But last year, it became clear that, even in a small nation like Samoa, eradicating a preventable disease like measles was not simple at all. In less than four months, thousands of infants grew sick from measles and more than 80 people died, many of them very young.
The nation’s health infrastructure was overwhelmed. “It happened so quick,” said Fonoifafo Mcfarland-Seumanu, a public health nurse who joined the anti-measles campaign after winning the Miss Samoa pageant.
An array of local factors led to Samoa’s outbreak. It was not, however, unique. Around the world, people die every year from outbreaks that vaccines could have quashed, from polio in Pakistan to human papillomavirus infections in Japan.
As the world grapples with the novel coronavirus pandemic and races to develop a vaccine to fight it, these outbreaks hold lessons for what lies head. Far from the end of the line, the discovery of a vaccine would mark the beginning of a new set of challenges in an era of fast-spreading misinformation and rampant public health policy missteps.
“Vaccines don’t save lives,” said Walter Orenstein, an associate director of the Emory Vaccine Center. “Vaccinations save lives. A vaccine dose that remains in a vial is zero-percent effective.”
An island outbreak
Measles spreads when an infected person coughs or sneezes. Among those confirmed to be infected, the death rate is 1.46 percent, deadlier than most estimates for covid-19, the disease caused by the coronavirus. Before a vaccine became widely available in the 1960s, it caused millions of deaths worldwide annually.
Samoa has administered measles vaccines since 1982, according to national records, but it had not had an outbreak in years. “There was a false sense of security,” said Sheldon Yett, the UNICEF representative for Pacific island countries.
In July 2018, two infants died after receiving the vaccine. The Samoan government stopped its MMR program for nine months to investigate. A court later found the two nurses guilty of manslaughter — they had mixed a vaccine with muscle relaxant instead of water — and sentenced them to five years in prison.
“Everyone lost confidence,” Mcfarland-Seumanu said. “Even some of the health-care professionals had doubts.”
Anti-vaccination activists stoked a backlash, including Edwin Tamasese, the owner of a coconut oil processing facility with no formal medical training, as well as Taylor Winterstein, the wife of an Australian rugby player.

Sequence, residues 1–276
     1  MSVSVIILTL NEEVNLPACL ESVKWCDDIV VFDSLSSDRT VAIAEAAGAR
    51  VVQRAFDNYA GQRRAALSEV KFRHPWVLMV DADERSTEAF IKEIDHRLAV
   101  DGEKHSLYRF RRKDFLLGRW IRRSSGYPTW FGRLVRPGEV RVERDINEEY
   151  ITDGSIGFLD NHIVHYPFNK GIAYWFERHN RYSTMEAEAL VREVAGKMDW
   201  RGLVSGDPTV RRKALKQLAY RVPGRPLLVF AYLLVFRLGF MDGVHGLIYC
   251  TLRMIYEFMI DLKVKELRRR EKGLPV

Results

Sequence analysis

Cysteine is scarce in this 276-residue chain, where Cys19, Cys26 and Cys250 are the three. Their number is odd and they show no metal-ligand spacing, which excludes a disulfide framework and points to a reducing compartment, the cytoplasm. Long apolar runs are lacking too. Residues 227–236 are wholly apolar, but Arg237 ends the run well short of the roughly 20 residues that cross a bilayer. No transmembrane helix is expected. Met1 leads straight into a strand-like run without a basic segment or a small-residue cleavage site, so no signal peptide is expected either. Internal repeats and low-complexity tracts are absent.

Robert F. Kennedy Jr., the nephew of President John F. Kennedy and a controversial anti-vaccination activist, visited the islands in June 2019; he was photographed with Winterstein.
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The past few days have been profoundly monumental for me, my family and for this movement to date. I am deeply honoured to have been in the presence of a man I believe is, can and will change the course of history. This was a divinely timed, once in a lifetime opportunity and I will forever cherish the conversations and moments we shared together in Samoa, my homeland 🇼🇸 THANK YOU @robertfkennedyjr 🙏 #bebrave #dothestudy #believemothers #proscience #prosafety #informedconsent #makinginformedchoices #investigatebeforeyouvaccinate #tays_way_
Vaccination rates, already lower than the roughly 95 percent required for herd immunity, plummeted to 31 percent. Experts cited a variety of reasons, including poor medical literacy and government inaction.
Then the outbreak began.
Samoa confirmed its first case of measles in September, probably imported from New Zealand. Within weeks, the outbreak was out of control. On Nov. 15, the government declared a state of emergency. Hospitals were as much as 300 percent past capacity.
The mother of the first child to die, 14-month-old Peter Von Heiderbrandt, begged families to get vaccinated. “These are our babies dying,” she told a reporter. But the practical realities were immense.
“Most Samoans use traditional as well as scientific medicine and because of the confused response by the government to the measles epidemic, many were going to and fro in both systems,” said Penelope Schoeffel, a sociologist at the National University of Samoa.
The government shut down the entire country on Dec. 5 and 6 for a sweeping door-to-door vaccination campaign. Unvaccinated families were asked to hang red flags outside their homes. Judith Esmay Ah Leong, a general practitioner in Apia, Samoa’s capital, said doctors were shocked to discover “there were still people living off the grid and had no access to transport.”
Tamasese was arrested on Dec. 5 after allegedly breaking a new law about spreading anti-vaccination views. Mcfarland-Seumanu said that even as the deaths racked up, she spoke to parents who were scared of vaccines, citing rumors they read on Facebook.
Only after 95 percent of eligible people were vaccinated on Dec. 29 did the government lift the state of emergency. “There wasn’t a village that was not affected, one way or another, by the outbreak,” Yett said.